Monday, November 18, 2013

Abbott and Costello Meet Frankenstein ( 1948 )

The Bob Hope classic, The Cat and the Canary ( 1939 ), was one of the first films to successfully combine comedy with mystery and horror. It was such a hit that Paramount quickly plopped the dynamic duo of Hope and Goddard into yet another comedy horror film, The Ghost Breakers ( 1940 ). These films launched an entire genre of pairing comedy stars in horror films, and of all the movies that emerged from this genre,  none was more popular than Bud Abbott and Lou Costello Meet Frankenstein ( 1948 ).

Universal studios had made their mark in cinema history with their horror classics such as Dracula ( 1931 ), Frankenstein ( 1931 ), The Mummy ( 1932 ), The Invisible Man ( 1933 ), , and The Wolf Man ( 1941 ). These monster movies were so successful that a string of sequels were made for each film. Unfortunately, some of these were not up to par with the originals and by 1946 the producers at Universal sensed that the monster era was coming to a close. Sigh....parting with old ( and prosperous ) friends is such sweet sorrow. 

As early as 1943, Abbott and Costello was toying around with an idea of doing a Broadway show co-starring the famous monsters. Their busy filming schedule at Universal did not allow enough time for the team to mount a live production, but by the late 1940s the ideal opportunity presented itself. Universal embraced the idea of the comedy using the monsters and after several story outlines were developed and discarded ( one by Bertram Milhauser, the screenwriter on numerous Sherlock Holmes films ), an idea by Frederic I. Rinaldo and Robert Lees hit home. Everyone was pleased with the new story except for Lou Costello. As producer Robert Arthur recalled, "Lou hated the script. 'My [ five-year old ] daughter could write a better script than this. You're not serious about making it, are you?' he said" 

Yep, they were. Arthur promised Costello his favorite director, Charles Barton, a tidy sum ( Abbott and Costello were paid $105,000 ), and by the time shooting began in early February 1948, Costello had warmed up to the film. 

What was this sure-fire plot? Abbott and Costello play baggage clerks at a Florida railway station. Mr. McDougal ( Frank Ferguson ), who operates the local House of Horrors, is expecting a shipment of large crates from Europe which he wants delivered in person to his wax museum. Before leaving the warehouse, the duo receive a phone call from Laurence Talbot warning them not to deliver those crates. "They must be destroyed!". This is about the only dialogue poor Larry gets to utter throughout the film. Of course, Larry knows best. The crates contain the coffin - and body - of Dracula, as well as Dr. Frankenstein's Monster.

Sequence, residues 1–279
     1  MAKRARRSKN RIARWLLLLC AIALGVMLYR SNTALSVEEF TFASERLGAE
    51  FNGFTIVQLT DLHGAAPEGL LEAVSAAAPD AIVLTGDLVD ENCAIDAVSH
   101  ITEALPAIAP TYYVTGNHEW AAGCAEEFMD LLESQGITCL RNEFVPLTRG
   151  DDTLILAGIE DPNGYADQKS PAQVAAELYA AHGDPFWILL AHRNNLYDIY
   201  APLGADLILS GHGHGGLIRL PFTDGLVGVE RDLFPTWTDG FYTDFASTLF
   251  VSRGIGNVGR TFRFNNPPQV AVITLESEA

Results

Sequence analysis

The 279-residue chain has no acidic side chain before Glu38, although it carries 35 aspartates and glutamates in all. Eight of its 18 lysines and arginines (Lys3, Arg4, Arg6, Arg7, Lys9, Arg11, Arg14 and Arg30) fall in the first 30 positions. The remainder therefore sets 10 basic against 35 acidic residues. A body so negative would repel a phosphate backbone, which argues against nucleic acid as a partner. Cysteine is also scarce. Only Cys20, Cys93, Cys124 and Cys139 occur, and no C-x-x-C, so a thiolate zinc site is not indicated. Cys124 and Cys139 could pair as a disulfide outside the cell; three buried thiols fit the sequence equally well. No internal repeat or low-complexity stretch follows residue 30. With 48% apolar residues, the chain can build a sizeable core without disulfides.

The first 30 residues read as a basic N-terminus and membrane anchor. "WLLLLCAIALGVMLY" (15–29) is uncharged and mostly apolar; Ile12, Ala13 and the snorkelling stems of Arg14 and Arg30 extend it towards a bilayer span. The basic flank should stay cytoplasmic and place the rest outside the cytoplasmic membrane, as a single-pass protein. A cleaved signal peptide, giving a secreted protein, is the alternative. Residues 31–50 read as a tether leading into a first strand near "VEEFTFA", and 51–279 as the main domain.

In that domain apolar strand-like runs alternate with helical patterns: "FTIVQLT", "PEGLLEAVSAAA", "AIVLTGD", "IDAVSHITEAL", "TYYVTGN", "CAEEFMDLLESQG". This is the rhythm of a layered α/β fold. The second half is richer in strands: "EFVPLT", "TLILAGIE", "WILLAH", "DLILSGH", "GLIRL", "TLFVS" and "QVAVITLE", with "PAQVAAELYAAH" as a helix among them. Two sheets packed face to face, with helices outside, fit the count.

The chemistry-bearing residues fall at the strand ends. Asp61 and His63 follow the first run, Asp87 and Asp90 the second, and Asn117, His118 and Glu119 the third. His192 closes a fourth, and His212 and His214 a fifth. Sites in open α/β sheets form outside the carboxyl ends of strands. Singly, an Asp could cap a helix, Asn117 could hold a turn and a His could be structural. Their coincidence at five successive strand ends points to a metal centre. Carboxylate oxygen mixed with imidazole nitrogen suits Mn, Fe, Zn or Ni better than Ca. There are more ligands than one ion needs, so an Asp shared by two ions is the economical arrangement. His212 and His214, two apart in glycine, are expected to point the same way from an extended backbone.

When Chick and Wilbur unpack the crates at the wax museum that night, Wilbur sees both the Dracula and the Monster come alive. But before he can convince Chick of what is going on, the fiends escape to Dracula's castle ( yes, he had a castle in Florida too evidently! ) where Sandra Mornay ( Lenore Aubrey ) is waiting. Dracula and Miss Mornay, a surgeon, have teamed up to create the ultimate mind-controlled Monster, but...unlike Dr. Frankenstein, who used the brain of an intelligent man in his experimentations with the original Monster, Miss Mornay intends on using the brain of a man much more innocent and ignorant, someone "with no will of his own, no fiendish intellect". Hmm...who's brain could they have in mind for that? 

With the aid of Laurence Talbot, Chick and Wilbur attempt to destroy Dracula and the Monster before they can steal Wilbur's brain. Little do they know that Talbot transforms into a hairy lycanthrope when the moon is full and bright....and there's an awful lot of full moons in this film!

"Chick! Oh Chick, oooh Chick!!" 

Some of the plot gets a bit muddled up during the film but as most A&C fans know, the story always takes a backseat to the dynamic duo's gags. And this flick is chock full of 'em....memorable one-liners, the famous moving candle routine ( recycled from Hold that Ghost ), Bud's customary slaps, and Costello's inimitable fright-takes. Alas, the script left little room for the team to do any of their famous rapid-fire repartee.

Reprising the classic roles that made them famous in earlier Universal Studio outings were Bela Lugosi as Dracula, Lon Chaney Jr. as the Wolf Man and Glenn Strange as Frankenstein's Monster.